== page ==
Monday, April 8, 2013

A must-read from the National Institutes of Health

After my own lingual nerve injury, my life has changed. As a mother, I am torn on whether to allow my children to get their wisdom teeth extracted. My daughter's dentist has been saying for 2 years now that it "must" be daughter seen what I have gone through, but still feels obligated by what her Dentist has instructed her. I mean, aren't we all supposed to follow doctor's orders?
Now, read this:

The evidence is compelling that prophylactic extraction of third molars is a significant public health hazard. It is a silent epidemic of iatrogenic injury that warrants avoidance of the extraction of any third molar in the absence of a pathologic condition or a specific problem.

...When fully formed, the roots frequently lie close to the right and left mandibular nerves, which run along the jaw beneath or between the roots. The risk of permanent paresthesia following extraction of a mesioangular impaction is as high as 6.8%, much higher than for other types of unerupted or impacted teeth. More than 95% of these teeth will never cause any problem. ...would continue to erupt into normal position in the mouth if left alone. There can be no excuse for tolerating so many unnecessary extractions on millions of unsuspecting and misled people and putting them at risk of so much iatrogenic nerve injury.

Quote: The British National Institute for Clinical Excellence is unequivocal in its recommendation, adopted by the National Health Service: “The practice of prophylactic removal of pathology-free impacted third molars should be discontinued. . . . There is no reliable evidence to support a health benefit to patients from the prophylactic removal of pathology-free impacted teeth. The conditions for which extraction is justified include nonrestorable dental caries, pulpal infection, cellulitis, recurrent pericoronitis, abscesses, cysts, and fractures.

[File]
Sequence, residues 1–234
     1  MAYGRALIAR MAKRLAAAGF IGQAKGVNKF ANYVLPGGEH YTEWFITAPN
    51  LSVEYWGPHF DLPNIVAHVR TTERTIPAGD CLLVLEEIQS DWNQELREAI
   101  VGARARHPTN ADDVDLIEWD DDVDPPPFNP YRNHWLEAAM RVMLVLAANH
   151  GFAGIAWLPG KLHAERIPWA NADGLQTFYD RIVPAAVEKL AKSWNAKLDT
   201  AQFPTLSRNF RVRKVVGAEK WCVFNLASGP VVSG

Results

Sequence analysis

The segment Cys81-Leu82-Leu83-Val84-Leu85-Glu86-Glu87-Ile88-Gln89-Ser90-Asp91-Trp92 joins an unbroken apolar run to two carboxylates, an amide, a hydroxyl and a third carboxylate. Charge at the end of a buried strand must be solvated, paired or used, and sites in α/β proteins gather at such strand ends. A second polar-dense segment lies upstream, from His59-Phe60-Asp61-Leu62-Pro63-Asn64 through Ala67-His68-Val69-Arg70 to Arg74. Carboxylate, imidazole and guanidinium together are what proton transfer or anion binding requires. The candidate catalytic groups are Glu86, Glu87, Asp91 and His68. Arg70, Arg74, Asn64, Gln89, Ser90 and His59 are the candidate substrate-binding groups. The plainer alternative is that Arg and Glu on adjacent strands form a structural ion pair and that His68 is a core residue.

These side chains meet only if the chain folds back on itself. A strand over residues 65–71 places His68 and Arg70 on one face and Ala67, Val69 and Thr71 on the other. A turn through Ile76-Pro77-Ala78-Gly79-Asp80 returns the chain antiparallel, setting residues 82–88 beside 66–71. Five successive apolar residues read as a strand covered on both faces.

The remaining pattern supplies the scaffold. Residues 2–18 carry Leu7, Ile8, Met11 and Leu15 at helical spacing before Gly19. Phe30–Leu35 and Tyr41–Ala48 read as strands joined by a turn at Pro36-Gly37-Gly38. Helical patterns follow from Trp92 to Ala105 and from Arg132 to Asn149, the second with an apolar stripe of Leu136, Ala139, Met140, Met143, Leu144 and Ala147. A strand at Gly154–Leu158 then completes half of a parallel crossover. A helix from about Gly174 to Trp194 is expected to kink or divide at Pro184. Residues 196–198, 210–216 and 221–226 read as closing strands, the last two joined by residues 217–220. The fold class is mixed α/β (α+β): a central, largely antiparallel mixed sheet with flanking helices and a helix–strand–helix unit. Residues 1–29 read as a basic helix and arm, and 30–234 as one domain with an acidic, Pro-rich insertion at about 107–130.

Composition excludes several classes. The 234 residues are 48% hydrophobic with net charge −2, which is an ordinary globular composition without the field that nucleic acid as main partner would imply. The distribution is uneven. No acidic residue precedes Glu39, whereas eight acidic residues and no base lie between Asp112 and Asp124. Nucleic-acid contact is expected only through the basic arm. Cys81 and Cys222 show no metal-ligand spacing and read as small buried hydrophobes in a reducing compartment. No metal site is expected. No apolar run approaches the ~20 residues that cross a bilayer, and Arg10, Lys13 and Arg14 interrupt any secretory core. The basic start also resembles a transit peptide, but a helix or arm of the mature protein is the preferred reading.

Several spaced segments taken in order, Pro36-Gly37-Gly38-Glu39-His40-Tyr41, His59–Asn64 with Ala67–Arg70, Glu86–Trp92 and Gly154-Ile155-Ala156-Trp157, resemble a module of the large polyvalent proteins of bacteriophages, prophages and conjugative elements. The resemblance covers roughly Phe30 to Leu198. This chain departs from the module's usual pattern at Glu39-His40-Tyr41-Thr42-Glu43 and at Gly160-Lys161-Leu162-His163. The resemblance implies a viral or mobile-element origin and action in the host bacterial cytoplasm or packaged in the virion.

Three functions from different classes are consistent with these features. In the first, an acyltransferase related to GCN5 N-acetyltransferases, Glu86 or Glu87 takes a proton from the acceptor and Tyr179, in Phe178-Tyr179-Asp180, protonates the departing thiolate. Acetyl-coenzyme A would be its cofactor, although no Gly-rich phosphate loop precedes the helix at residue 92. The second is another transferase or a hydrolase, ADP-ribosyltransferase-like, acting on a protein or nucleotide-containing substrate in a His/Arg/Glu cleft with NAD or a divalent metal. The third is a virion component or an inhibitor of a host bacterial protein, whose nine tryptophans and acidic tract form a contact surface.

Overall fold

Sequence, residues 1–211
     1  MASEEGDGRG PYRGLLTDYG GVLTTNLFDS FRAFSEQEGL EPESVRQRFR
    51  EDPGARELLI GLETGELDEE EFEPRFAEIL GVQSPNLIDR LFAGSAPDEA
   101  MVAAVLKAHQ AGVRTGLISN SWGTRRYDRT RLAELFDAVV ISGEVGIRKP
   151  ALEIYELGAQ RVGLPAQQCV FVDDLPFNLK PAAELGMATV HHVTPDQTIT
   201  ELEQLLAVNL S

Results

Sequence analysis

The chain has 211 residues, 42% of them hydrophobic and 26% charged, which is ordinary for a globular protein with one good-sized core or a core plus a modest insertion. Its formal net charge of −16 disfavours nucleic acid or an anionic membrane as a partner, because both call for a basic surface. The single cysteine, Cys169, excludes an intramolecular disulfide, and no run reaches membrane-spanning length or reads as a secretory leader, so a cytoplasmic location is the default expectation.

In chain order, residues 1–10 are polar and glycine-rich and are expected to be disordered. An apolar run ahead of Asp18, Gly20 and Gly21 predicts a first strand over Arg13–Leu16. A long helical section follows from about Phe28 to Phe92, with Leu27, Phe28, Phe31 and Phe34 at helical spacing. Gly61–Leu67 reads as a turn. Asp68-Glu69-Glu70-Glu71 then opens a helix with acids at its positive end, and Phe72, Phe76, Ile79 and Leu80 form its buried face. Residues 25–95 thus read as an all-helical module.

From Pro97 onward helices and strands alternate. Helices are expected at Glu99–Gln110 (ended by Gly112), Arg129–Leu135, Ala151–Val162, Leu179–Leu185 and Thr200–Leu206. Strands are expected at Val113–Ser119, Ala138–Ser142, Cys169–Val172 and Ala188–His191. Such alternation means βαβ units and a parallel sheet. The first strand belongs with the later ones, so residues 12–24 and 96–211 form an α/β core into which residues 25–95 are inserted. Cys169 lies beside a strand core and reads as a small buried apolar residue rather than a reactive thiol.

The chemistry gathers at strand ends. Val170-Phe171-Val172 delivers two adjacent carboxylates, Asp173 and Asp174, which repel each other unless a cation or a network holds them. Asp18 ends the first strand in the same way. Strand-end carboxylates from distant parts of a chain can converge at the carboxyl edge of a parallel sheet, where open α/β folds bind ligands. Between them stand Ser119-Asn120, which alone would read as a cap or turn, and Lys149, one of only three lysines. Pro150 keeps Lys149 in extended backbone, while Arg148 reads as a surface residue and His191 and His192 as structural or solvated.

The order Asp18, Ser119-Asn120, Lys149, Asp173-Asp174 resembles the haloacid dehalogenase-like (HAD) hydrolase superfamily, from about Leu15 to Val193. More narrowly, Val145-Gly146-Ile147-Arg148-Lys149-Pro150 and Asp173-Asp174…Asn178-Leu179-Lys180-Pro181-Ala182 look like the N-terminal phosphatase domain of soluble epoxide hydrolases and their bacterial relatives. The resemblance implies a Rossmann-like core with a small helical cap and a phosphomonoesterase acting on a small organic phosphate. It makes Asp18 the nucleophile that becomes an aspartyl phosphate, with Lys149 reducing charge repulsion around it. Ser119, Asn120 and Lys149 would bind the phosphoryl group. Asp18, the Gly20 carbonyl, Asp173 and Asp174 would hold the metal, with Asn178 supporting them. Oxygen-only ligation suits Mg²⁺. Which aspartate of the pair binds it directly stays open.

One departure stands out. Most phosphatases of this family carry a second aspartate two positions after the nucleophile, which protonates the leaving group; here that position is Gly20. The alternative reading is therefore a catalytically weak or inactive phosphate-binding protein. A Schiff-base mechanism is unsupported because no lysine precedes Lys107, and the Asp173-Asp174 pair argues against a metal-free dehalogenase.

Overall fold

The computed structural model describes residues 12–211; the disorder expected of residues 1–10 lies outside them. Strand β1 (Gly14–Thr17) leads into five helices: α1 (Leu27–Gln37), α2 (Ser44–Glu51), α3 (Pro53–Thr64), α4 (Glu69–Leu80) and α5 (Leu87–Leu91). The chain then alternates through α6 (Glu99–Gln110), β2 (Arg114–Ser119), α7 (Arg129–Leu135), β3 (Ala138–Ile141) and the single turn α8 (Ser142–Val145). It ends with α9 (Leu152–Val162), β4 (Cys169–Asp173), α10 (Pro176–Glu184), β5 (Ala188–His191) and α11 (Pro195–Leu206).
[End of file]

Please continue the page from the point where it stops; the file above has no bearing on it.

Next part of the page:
As you know, my injury was not caused by wisdom teeth extraction, but by simple need stick during a cavity filling procedure. However, most LND is done during wisdom teeth removal. The dental industry is using procedures that put the public at risk, and no one is holding them accountable. The article even mentions that lawsuits are rarely won, because the patient supposedly "knows the risks" before work is started. I didn't know of any risk before I was injured. Did you? 

And even if you were fully informed, you take a risk doing lots of things - it's not like I signed a waiver and went bungee jumping...I was told I needed a filling done. That's it. Yet, I would lose in court if any lawyer would take my case (which they won't, I've been turned down by 6 of them).

If a patient takes all reasonable care, then trusts a medical practitioner who forces an unnecessary procedure or rushes the job, resulting in injury, someone should be responsible for permanently injuring a patient.
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Feel free to cite this article in your emails and letters. (Note - citations were moved for this summary; full article, with citations, is available at